Saturday, December 10, 2016

BOOK REVIEW: J.C and the BIJOUX JOLIS







TITLE: J.C and the BIJOUX JOLIS
AUTHOR: KATY REGNERY
SERIES: THE ROSSEAUS
PUBLISHED: NOVEMBER 21, 2016
GENRE: CONTEMPORARY ROMANCE
SOURCE: AUTHOR
FORMAT: eBook

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Did you fall in love with The English Brothers? Were you hot for the Winslows? Katy Regnery's New York Times bestselling Blueberry Lane series continues with The Rousseau siblings in 2016!

If the best man and maid of honor are both single, it’s practically an unwritten rule that they should pork.

so begins a rocky acquaintance between Jean-Christian “J.C.” Rousseau and Libitz Feingold at the wedding of J.C.’s brother and Lib’s best friend. While manslut best man J.C. is surprised when maid of honor Libitz soundly spurns his advances, his curiosity is piqued. The girl he couldn’t have becomes the only one he wants.

So, when he finds a seventy-year-old portrait in the attic of his sister’s mansion that bears an uncanny resemblance to the prickly gallery owner, he enlists her help in solving a mystery seven decades in the making. Traveling from Philadelphia to New York to Marseille, a couple who started off as enemies will discover that even cynics can find true loveand mortal man is no match for destiny.

Get to know the families of Blueberry Lane!




After reading the previous two books in the Rousseau series, I was eager to read Jean Christian’s story. I was briefly introduced to him in the previous books and he piqued my interest.  I was curious to know who would be able to tame him of his man-whoring ways.  This installment, just like the others can be read as a stand-alone.

“If the best man and the maid of honour are both single, thought J.C. Rousseau, taking another peek at Kate English’s best friend, Libitz Feingold, it’s practically an unwritten rule that they should pork. And if anyone was in dire need of a good, hard, thorough fucking, it was Mademoiselle Feingold.”

The above quote tells you a lot about Jean Christian. He has no qualms when it comes to the women he beds and Libitz Feingold was no different, even though she was not his type. At first, he came off as an arrogant pig, but as the story progressed, I got a glimpse of his real personality. The reason behind his actions became clear, but what stood out most was his fears. His greatest fear was that of falling in love. He wanted nothing to do with the emotion after seeing how it destroyed his mom.  He thought that falling in love was for saps. He acted all tough and macho but like all us he had genuine fears which made him vulnerable.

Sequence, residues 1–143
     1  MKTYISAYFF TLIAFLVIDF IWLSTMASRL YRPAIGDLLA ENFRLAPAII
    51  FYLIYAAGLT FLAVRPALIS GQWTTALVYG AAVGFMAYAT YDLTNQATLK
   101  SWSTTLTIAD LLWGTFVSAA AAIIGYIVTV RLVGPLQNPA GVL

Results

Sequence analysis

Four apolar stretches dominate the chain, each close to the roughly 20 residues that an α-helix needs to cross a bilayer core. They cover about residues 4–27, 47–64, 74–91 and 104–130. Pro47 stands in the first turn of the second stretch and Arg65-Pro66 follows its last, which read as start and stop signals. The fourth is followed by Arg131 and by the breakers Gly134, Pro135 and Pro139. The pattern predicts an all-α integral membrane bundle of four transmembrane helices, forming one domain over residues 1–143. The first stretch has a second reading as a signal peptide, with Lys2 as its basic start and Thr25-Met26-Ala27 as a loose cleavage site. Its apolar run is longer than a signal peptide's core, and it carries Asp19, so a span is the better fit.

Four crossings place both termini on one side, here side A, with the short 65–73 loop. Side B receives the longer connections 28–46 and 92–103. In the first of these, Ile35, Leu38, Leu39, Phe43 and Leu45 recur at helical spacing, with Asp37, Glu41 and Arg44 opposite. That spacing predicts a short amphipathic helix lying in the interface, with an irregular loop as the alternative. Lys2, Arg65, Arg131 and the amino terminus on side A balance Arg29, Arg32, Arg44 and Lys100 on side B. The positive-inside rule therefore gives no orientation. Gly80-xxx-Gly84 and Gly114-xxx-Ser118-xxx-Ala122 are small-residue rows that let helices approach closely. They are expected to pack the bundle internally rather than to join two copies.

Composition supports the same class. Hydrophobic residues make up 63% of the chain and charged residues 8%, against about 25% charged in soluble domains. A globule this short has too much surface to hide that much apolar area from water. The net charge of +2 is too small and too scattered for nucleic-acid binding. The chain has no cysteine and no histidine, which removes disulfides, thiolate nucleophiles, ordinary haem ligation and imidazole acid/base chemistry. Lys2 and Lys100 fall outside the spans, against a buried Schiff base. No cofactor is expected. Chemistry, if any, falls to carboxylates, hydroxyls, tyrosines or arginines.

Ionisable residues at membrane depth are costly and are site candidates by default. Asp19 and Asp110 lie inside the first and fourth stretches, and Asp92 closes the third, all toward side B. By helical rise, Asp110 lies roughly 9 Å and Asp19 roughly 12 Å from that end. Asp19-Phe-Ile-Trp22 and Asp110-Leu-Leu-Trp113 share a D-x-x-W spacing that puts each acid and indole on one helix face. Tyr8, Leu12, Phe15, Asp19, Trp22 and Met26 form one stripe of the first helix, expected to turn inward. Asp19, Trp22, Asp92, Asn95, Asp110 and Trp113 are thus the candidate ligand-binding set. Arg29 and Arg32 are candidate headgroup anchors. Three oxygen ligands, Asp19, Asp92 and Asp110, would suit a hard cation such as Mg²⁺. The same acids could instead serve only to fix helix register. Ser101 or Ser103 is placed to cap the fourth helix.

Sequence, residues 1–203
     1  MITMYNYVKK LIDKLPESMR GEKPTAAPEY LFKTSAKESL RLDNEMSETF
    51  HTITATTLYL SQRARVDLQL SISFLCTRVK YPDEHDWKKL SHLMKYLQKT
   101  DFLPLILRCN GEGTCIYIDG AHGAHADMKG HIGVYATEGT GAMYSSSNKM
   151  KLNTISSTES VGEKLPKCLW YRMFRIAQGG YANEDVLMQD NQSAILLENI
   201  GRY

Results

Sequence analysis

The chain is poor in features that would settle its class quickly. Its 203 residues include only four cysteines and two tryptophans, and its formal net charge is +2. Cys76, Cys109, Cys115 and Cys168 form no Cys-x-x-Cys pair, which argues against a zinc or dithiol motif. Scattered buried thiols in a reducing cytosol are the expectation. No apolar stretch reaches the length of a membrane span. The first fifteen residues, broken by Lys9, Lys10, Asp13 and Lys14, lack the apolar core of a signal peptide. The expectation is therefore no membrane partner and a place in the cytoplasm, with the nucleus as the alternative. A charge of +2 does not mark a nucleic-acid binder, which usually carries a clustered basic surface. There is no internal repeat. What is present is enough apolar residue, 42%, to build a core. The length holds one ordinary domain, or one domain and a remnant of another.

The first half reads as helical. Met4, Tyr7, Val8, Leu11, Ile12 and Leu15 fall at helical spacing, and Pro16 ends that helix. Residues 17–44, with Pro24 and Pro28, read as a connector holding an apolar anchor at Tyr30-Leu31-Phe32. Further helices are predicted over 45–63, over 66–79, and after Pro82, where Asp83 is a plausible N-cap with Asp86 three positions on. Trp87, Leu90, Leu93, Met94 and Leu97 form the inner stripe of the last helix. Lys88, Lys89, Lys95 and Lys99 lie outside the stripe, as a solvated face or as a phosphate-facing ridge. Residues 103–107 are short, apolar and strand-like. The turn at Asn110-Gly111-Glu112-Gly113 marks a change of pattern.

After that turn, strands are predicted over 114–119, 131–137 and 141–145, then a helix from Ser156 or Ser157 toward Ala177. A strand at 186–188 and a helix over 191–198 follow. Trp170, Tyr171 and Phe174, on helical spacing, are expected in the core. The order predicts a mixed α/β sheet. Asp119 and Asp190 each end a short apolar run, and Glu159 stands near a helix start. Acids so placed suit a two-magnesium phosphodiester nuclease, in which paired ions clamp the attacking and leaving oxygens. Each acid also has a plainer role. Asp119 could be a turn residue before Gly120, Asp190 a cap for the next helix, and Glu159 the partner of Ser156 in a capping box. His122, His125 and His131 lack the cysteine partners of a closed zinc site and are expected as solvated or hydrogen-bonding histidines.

“Hi. I’m Libitz Feingold, Kate’s best friend… and it’s not cold enough.” “What?” asked J.C. feeling completely turned around. “It’s not cold enough in hell for me to fall for someone like you,” she said then shifted back around to talk to the person on the other side.

I was immediately taken in by Libitz. She was classy and full of sass. Jean Christian had found his match. She intrigued him, and he was not above pulling out all the stops to add her to his list of conquests. However, the closer he got to her he realise that he wanted more.  Unfortunately, as the story progressed the spark that had me fired up about Libitz began to diminish. I figured this was due in part to her actions in the latter part of the story. She had no qualms about hurting someone just so that she could hide from her feelings for Jean Christian. I considered her actions cowardly, which was a far cry from the person I met at the beginning of the story. This made it difficult for me to buy into the romance between her and Jean Chrisitan.

For me, the highlight of the story was the mystery surrounding the painting that Jean Christian’s sister found in her attic. I was eager to discover what was the connection between the model and the main characters. 

Was this a bad book? Not necessarily so. It had its good points, but personally, it did not live up to my expectations. 

Verdict: 
This was my least favourite book in the series. 





I received a copy of this book from the author.  This has no bearing on my review, which is a honest reflection of my opinions of this book.

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